Opening arguments in the Senate impeachment trial for Donald Trump on the charge of incitement of insurrection for the Capitol riot will begin the week of February 8.
Senate Majority Leader Chuck Schumer announced the schedule Friday evening after reaching an agreement with Republicans, who had pushed to delay the trial to give Trump a chance to organize his legal team and prepare a defense.
"It will be a fair trial", Mr Schumer said, speaking on the floor of the Senate.
Schumer is in charge of the Senate, assuming the majority leader post after Democrats won two new Senate seats in Georgia and Vice-President Kamala Harris was sworn in Wednesday.
Trump last week became the first president in US history to be impeached twice, and when the Senate convenes for his trial will be the first president tried after leaving office.
McConnell spokesperson Doug Andres said the Kentucky Republican was "glad" Schumer agreed to their request to delay the trial.More news: Premier League clubs vote to implement radical solution to concussion issue
Schumer said the article of impeachment will be delivered and read out to the Senate on Monday at 7:00 pm (0000 GMT Tuesday).
White House spokeswoman Jen Psaki told reporters that the Senate should be able to move forward with both the trial and Biden's agenda, beginning with his call for $1.9 trillion of fresh COVID-19 assistance for Americans and the US economy.
Republicans were eager to delay the trial, putting distance between the shocking events of the siege and the votes that will test their loyalty to the former president who still commands voters' attention. Schumer and McConnell have also continued to discuss a power-sharing agreement, since the chamber is split evenly, and the framework for how a trial will operate.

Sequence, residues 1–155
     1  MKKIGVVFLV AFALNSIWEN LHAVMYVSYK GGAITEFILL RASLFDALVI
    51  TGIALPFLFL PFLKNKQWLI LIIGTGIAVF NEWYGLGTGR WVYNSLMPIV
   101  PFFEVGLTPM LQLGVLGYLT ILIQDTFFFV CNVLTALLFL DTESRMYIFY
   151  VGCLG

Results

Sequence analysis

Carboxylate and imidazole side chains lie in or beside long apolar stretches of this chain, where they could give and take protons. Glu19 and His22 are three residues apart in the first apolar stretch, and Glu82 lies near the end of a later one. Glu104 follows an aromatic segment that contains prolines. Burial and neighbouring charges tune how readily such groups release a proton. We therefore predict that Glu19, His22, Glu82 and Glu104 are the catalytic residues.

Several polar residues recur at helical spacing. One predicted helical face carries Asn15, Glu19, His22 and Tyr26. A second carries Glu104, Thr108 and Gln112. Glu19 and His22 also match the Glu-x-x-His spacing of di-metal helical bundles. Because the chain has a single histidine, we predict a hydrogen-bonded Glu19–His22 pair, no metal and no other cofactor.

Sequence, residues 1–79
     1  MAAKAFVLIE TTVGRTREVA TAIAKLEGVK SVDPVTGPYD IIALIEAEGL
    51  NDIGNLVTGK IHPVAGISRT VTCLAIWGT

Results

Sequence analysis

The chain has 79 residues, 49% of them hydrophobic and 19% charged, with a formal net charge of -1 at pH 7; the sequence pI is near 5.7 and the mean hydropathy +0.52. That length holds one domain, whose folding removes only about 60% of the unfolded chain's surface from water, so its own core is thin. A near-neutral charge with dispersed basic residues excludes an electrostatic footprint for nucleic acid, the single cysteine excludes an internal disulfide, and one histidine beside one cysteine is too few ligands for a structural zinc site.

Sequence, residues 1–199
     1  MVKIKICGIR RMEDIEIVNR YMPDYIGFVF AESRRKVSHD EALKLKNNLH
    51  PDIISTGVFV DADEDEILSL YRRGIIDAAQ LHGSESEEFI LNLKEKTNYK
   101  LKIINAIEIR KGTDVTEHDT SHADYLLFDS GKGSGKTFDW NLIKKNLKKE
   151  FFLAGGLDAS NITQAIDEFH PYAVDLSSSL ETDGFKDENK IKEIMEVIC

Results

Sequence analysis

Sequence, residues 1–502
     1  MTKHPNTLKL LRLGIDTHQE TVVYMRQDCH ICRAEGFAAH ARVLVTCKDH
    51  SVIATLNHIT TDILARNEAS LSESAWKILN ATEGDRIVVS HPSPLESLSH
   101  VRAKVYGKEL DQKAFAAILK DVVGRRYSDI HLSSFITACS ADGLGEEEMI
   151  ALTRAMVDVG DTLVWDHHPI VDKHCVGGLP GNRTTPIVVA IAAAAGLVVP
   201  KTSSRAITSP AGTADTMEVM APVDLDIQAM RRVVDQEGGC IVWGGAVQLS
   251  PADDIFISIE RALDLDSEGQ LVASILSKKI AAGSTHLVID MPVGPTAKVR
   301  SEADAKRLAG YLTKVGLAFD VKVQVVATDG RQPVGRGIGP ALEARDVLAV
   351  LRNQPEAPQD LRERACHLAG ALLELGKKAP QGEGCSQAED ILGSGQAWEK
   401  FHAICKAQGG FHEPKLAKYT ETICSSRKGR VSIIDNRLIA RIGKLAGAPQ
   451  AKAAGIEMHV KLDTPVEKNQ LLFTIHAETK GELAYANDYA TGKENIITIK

On January 13, Trump was impeached by the House for allegedly inciting his loyalists to breach the Capitol building in Washington, DC, on January 6 to protest against the certification of the Electoral College, which would have confirmed Joe Biden as the victor of the 2020 presidential election. Trump is the only president in U.S. history to face impeachment twice.
With the Senate now comprised of 50 Democrats and 50 Republicans, and a two-thirds majority needed to convict Mr Trump, at least 17 Republicans would have to vote against the former president to secure a conviction. While most Republican senators condemned Trump's actions that day, far fewer appear to be ready to convict.
A handful of Republicans have spoken out harshly against the president but it remained unclear if there would be enough GOP senators to vote for conviction.More news: England boss Eddie Jones isolating for 10-days
Graham also suggested Republicans will argue Trump's words on January 6 were not legally "incitement".
But most have said they believe a trial will be divisive and questioned the legality of trying a president after he has left office.
McConnell, who said this week that Trump "provoked" his supporters before the riot, has not said how he will vote.
The New York Democrat said he had a conversation with House Speaker Nancy Pelosi who told him she would send over the documents at the start of the week. "The sequel can not be an insufficient Senate process that denies former President Trump his due process or damages the Senate or the presidency itself".
Democrats say they can move quickly through the trial, potentially with no witnesses, because lawmakers experienced the insurrection first-hand.More news: Controversial QB Dwayne Haskins signs reserve/futures contract with Pittsburgh Steelers